Although it can’t be seen directly, wind can have a massive effect on the safe operation of cranes. In this article, we will look at some issues relating to cranes and wind, writes Stuart Edwards.
Permissible wind speed
The safe wind speed to operate a crane can be subject to much conjecture and discussion, especially when there is undue “pressure” to complete a job. However, determining a safe wind speed can be broken down to three simple things.
Firstly, the wind speed at which the crew feels safe operating. This should be judged by experience and risk assessment. The risk assessment may include how much a load may move about (and therefore increased risk of injury), the ability to control the load by tag lines, site restrictions and other factors. It is very important the decision of the crane crew is respected. There are a number of high profile incidents where this is reportedly the cause of catastrophic failure.
Secondly, the load chart wind speed that the crane manufacturer specifies as the maximum wind speed. The default load chart wind speed is often cited as 10m/s but typical values vary from 9-20m/s and can be as higher. The load chart wind speed may vary by configuration, boom length, sequence, etc. or may be a set wind speed for the entire chart. Some manufacturers may allow a higher load chart wind speed if the lifting capacity is reduced.
Thirdly, the permissible wind speed may need to be reduced below the load chart wind speed due to the surface area of the load. In this article, we will focus on the requirements detailed in AS 1418.5 and EN 13000, as this is the standard/load chart generally adopted for mobile cranes in Australia. For this standard, loads that have a surface area greater than 1.2m2/tonne (including drag coefficient) require the permissible wind speed to be reduced.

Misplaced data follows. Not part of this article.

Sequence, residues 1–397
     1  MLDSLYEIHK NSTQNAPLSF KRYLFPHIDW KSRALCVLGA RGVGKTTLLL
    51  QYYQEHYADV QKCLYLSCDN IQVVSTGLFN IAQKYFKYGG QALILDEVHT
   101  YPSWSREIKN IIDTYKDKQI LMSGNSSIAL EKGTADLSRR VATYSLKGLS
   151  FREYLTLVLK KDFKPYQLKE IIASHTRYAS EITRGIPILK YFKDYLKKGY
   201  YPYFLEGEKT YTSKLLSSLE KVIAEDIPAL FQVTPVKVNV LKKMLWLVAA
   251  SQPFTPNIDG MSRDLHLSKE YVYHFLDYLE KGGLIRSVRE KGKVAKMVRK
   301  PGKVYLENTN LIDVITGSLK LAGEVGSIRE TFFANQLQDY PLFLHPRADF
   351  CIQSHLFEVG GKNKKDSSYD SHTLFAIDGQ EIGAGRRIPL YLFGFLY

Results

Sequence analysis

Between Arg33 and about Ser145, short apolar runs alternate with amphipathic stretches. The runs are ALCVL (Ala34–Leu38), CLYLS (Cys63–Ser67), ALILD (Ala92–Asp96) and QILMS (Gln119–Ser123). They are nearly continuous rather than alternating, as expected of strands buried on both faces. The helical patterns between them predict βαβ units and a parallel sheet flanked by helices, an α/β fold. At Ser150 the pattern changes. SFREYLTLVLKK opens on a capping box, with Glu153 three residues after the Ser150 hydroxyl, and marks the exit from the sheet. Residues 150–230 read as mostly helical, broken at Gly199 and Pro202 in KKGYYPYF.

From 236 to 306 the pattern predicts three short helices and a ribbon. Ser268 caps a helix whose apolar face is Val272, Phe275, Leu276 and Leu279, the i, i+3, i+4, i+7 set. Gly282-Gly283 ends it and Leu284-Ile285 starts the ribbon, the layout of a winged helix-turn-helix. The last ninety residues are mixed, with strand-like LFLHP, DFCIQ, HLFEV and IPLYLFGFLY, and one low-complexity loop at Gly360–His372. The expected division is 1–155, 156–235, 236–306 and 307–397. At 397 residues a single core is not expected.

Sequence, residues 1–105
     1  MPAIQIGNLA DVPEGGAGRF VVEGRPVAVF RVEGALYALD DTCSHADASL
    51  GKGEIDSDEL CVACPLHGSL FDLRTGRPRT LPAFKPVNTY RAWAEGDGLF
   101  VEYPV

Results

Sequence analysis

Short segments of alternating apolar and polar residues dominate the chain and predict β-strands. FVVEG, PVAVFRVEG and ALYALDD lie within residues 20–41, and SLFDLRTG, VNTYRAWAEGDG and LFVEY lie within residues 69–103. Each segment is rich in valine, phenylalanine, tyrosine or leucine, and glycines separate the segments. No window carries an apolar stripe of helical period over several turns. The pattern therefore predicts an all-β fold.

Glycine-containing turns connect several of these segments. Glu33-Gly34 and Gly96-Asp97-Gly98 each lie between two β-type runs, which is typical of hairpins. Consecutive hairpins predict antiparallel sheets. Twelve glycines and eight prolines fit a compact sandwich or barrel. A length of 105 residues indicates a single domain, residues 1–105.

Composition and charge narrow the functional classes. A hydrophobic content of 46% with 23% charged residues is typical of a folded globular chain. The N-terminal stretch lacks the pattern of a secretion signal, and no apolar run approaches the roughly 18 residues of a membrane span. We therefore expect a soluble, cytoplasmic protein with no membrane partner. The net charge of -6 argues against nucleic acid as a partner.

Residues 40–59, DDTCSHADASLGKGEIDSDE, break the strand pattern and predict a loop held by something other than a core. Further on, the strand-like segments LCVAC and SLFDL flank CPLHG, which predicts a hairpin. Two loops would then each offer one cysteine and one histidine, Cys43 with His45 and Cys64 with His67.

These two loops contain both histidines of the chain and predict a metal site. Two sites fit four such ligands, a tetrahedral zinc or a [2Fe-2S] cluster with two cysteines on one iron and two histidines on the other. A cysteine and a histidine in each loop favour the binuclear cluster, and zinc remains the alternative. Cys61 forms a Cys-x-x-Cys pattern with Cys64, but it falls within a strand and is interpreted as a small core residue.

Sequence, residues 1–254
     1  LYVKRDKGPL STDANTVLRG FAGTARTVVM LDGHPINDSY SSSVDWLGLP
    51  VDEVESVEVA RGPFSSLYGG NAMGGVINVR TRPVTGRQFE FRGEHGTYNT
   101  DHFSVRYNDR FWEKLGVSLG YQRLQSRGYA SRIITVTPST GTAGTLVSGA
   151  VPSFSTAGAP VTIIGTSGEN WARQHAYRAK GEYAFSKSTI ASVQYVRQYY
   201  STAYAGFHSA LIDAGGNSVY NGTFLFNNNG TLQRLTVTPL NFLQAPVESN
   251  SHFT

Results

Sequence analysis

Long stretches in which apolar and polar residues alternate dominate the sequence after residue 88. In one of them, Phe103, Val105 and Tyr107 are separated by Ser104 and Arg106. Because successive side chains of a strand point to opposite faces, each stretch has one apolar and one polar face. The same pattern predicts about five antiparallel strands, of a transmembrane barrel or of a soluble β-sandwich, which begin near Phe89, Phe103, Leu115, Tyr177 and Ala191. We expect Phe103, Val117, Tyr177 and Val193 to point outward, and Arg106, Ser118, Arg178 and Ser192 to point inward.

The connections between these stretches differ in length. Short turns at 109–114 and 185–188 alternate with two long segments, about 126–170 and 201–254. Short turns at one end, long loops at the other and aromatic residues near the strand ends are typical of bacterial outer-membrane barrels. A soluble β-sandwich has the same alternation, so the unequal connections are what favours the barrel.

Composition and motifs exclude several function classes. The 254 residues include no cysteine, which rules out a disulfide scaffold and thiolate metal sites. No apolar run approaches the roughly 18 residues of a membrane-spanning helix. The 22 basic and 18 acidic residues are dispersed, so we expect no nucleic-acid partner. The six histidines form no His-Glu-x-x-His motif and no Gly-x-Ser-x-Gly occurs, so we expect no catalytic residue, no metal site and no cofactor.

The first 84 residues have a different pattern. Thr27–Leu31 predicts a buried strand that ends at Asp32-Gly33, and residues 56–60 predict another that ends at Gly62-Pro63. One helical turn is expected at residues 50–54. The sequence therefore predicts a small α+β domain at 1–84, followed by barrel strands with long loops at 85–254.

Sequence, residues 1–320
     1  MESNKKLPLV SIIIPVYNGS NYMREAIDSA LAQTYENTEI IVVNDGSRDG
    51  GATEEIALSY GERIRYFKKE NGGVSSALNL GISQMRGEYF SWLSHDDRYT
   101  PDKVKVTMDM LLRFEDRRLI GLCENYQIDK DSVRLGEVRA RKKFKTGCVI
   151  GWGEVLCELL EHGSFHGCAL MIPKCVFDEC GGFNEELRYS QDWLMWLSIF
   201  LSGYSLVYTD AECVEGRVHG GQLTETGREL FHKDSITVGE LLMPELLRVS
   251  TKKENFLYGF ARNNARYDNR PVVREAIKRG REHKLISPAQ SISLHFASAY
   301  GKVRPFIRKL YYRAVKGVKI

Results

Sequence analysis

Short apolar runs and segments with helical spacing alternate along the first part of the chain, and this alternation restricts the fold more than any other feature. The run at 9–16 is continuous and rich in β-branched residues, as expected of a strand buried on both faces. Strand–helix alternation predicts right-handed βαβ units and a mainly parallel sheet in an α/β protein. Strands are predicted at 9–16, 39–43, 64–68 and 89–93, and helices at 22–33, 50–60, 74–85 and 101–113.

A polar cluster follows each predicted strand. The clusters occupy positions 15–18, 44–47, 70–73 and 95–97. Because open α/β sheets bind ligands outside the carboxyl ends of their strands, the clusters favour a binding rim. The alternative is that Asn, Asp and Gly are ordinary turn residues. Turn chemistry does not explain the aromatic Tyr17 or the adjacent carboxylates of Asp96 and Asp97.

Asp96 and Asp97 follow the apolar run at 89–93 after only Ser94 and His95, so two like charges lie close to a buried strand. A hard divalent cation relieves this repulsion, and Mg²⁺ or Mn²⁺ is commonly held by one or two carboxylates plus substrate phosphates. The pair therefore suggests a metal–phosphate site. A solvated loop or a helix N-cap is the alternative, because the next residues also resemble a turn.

In concept, let’s say you can just hold onto a kite that has a surface area of 1m2 in 10m/s wind. If you double the size of the kite to 2m2, you wouldn’t be able to still hold onto it at the same wind speed. But if you reduced the wind speed to the right level, you would still be able to hold onto the larger kite.
The same applies to cranes. The load chart wind speed acting on the load chart allowable surface area equates to a certain allowable force on the crane. If the surface area is greater than the load chart allowable surface area, a lower wind speed is required to produce the same or lesser force on the crane.
The calculation for permissible wind speed is simply based on three things: the load mass, the load chart wind speed and the surface area of the load. These three variables are entered into the formula below to determine the permissible wind speed.
We will cover in detail the calculation of surface area and drag coefficient in the next article. However, when in doubt request this information from the supplier of the load or, if this is not available, contact a competent person to perform this calculation for you.
Measuring wind speed
Wind speed increases with height above the ground so it is recommended that a wind speed meter be fitted to the tip of the boom for real time monitoring.
Gust versus average wind speed
The load chart wind speed and permissible wind speed are based on the instantaneous maximum wind speed inclusive of any gusts. This is the so called “three second gust” measured at the highest point of the boom system, and not the average wind speed measured at a 10m elevation over a time period of 10 minutes as given by most weather stations. The three second gust wind speed can easily be higher by a factor of two and more i.e. taking into account the average wind speed at 10m elevation may significantly underestimate the real conditions.
Lay down / weather vaning
Consideration should be given to weather vaning and/or requirements to lay down the boom. Laying down the boom also gives a good opportunity to inspect the boom tip. Where the boom cannot be laid down, consideration can be given to boom rests or other control measures.
Outrigger / track loads
Outrigger and track loads provided by most manufacturers are based on static loads only; and do not account for dynamics from crane motions and/or wind. FEM 5.016 Guideline “Safety Issues in Wind Turbine Installation and Transportation” indicates that up to 35% should be added to outrigger loads due to wind.
One potentially overlooked area relating to wind speed is calculating the potential productivity for a project in advance; and selecting a crane based on this. The example below, based on real wind speed data from a site over a period of just over a year, shows a massive 342% increase in available crane time by selecting a crane with a 20m/sec load chart wind speed versus a 12m/sec load chart wind speed. Whilst the cost of the more capable crane may be greater, the cost savings on a project may be massive.
Stuart Edwards is principal of specialist engineering consultancy, Edwards Heavy Lift and a Cranes and Lifting columnist.